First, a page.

The irresistibly delicious and very spicy Serbian dishes are a feast for all senses. The people of Serbia enjoy cooking and eating, often traditional dishes made according to old family recipes which are passed on from one generation to the next.The rich central daily meal in Serbia is always preceded by a tasty starter, followed by a broth or soup and then the main course made of vegetables and meat, boiled on slow-burning fire, baked in clay vessels or roasted.
The rivers that flow through Serbia are an inexhaustible source of fish. Like everywhere else in the world, there are many ways to prepare fish (smoked, fried, boiled, grilled) to make various flavoursome dishes.Freshly caught fish is cooked in a fish soup which is often served at the beginning of a large main meal in Serbia. Chefs claim that the best fish soup is made with several high-quality fish species combined, with every experienced fisherman in Serbia using his own combination of spices to give their fish soup a characteristic aroma and pungency.Another dish that is highly recommended for fish lovers is fish paprikash. Made with fish and heavily spiced with red peppers, fish paprikash is a very piquant dish that is served on top of thick homemade noodles.
Serbia’s moderate climate is ideal for growing various types of vegetables. At home Serbian’s enjoy making a wide variety of dishes from peppers, while cucumbers, onions, garlic and various varieties of tomato often end up in fresh salads.
Cabbage grown in Serbia is of exquisite quality, while sauerkraut is a staple of winter diet. Although it can be eaten on its own as a salad, it is usually an ingredient in the traditional dishes without which Serbian cuisine would be difficult to imagine. Because of its thin and supple leaves, cabbage grown in the area of Futog, in the north of the country, is highly prized and has been given protected designation of origin.
The Futog cabbage makes the best sarma, a traditional Serbian dish made of meat, rice and sauerkraut leaves. Rice is stir-fried with onions and meat and then rolled in sauerkraut leaves and stewed on a slow-burning fire. This wonderful combination of flavours is truly unique and should not be missed.
Podvarak, another excellent combination of meat and vegetables, is made from thin strips of sauerkraut stir-fried with onions. Slices of bacon are also sometimes added to the mix for a richer flavour. The dish is then baked in the oven and served as a side dish to turkey or pork.Sauerkraut and different meats are also used to make “wedding cabbage”, a soup-like dish that is highly prized in the south of Serbia. It is boiled in a large clay pot for several hours, with onions, spices and several types of meat (mutton, veal, pork and always some sort of cured meat) added to the mix. It is traditionally served in clay dishes, with a glass of good red wine.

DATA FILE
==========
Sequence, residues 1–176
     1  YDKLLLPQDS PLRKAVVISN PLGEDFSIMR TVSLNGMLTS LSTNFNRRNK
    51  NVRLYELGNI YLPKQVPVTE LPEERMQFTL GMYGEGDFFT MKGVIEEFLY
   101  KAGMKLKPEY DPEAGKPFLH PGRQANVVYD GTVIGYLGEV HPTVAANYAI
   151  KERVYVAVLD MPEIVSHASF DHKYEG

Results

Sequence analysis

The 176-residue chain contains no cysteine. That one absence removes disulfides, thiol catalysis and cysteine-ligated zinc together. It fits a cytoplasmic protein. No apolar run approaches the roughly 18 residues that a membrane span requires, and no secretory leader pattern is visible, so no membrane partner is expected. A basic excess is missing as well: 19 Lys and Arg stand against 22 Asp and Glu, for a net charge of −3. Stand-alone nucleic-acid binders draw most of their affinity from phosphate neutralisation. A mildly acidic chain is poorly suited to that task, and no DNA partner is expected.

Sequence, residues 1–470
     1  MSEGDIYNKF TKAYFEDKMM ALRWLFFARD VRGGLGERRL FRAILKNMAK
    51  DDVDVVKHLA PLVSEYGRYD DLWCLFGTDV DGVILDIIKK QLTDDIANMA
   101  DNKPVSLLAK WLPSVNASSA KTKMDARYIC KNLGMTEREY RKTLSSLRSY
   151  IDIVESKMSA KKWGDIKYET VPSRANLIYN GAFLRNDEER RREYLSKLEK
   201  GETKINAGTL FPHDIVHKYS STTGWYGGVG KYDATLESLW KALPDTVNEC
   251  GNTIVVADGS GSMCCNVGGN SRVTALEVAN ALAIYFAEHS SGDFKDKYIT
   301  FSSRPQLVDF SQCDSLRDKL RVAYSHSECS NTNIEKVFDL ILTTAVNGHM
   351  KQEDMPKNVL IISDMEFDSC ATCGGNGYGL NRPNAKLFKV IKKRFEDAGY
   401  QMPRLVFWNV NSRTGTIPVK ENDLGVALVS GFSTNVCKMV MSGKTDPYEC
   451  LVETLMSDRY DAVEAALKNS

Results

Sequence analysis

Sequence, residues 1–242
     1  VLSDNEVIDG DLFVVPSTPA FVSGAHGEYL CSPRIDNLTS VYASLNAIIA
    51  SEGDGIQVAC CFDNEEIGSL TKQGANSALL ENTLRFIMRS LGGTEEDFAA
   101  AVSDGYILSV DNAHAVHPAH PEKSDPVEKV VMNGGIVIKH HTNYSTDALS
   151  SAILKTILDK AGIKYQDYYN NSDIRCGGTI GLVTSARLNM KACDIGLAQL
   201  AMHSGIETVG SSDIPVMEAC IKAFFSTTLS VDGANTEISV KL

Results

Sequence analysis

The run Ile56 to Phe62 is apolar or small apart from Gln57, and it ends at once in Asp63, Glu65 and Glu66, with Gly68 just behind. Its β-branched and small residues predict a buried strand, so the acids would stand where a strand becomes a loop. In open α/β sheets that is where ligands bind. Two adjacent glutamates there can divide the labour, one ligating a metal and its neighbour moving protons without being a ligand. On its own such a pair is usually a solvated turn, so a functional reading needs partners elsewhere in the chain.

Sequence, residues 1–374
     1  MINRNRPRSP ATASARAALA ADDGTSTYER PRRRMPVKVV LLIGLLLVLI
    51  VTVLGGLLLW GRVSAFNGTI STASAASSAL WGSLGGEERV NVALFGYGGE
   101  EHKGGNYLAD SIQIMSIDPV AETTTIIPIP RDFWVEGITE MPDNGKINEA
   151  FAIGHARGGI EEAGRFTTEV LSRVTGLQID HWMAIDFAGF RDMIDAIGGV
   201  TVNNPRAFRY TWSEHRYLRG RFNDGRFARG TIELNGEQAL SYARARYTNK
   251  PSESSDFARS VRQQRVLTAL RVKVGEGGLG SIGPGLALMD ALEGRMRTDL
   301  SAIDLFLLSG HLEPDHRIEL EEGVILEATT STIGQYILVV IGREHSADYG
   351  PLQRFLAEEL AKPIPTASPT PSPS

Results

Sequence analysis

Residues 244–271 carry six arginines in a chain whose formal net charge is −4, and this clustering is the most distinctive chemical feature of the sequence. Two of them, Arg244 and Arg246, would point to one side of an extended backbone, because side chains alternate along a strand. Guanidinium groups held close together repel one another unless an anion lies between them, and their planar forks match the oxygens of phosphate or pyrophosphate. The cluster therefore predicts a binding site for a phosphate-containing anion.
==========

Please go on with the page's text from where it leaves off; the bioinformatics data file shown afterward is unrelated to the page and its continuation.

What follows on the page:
Grilled food is synonymous with traditional Serbian cuisine. It is found on every dinner table and can be served on any occasion – from street vendors to family dinners and special events. Among the many grilled dishes such as ražnjići (grilled meat on a skewer), vešalice (boneless pork loin) and sausages, those made of mixed meats are firm favourites, with pljeskavica and ćevap occupying a special spot.Pljeskavica, a meat patty made of veal and spices, visually resembles a hamburger. There are several types to choose from: you can have a hot patty or a gourmet option with bacon.Ćevap (kebab), a roll-shaped dish made of minced meat is a stable of Serbian diet. Made from minced veal or mixed meats and flavoured with a special combination of spices, it’s served in small buns with onions and yoghurt.Although ćevap is relished all over Serbia, those made in Novi Pazar and Leskovac are considered true delicacies.
Leskovačka mućkalica, a dish specific to Southern Serbia, is a stew made of barbecued meat and vegetables. Tiny cuts of barbecued meat are mixed with vegetables and various spices and then baked in a clay vessel, which gives the dish its unique flavour.
Proja, a corn bread, is served as a side dish, but it can also be eaten on its own, with a cheese and kaymak spread. Proja is a staple of the typical Serbian starter – a plate full of nicely arranged, thin slices of smoked ham, bratwurst, sausages, boiled eggs, hot peppers and green onions.
Milk and dairy products have been a stable of Serbian cuisine since the Middle Ages. As a country with extensive cattle farming, Serbia is ideal for dairy production and cheesemaking. No wonder, then, that many regions of the country boast their authentic varieties. Thus, you can taste the cheeses of Sombor, Sjenica, Pirot and many more Serbian regions. Cheese is eaten with bread and proja, either as a starter or in a salad. Gibanica, a layered cheese pie, is held in high regard.
Gibanica – ready-made filo dough stuffed with plenty of cheese, eggs and kaymak, is a favourite starter in Serbia and is often eaten as a meal, particularly for breakfast. In addition to gibanica, there are many other filo dough pies to choose from in Serbia: meat pie, spinach pie, potato pie, mushroom pie, as well as pies with sweet, fruit-based filling.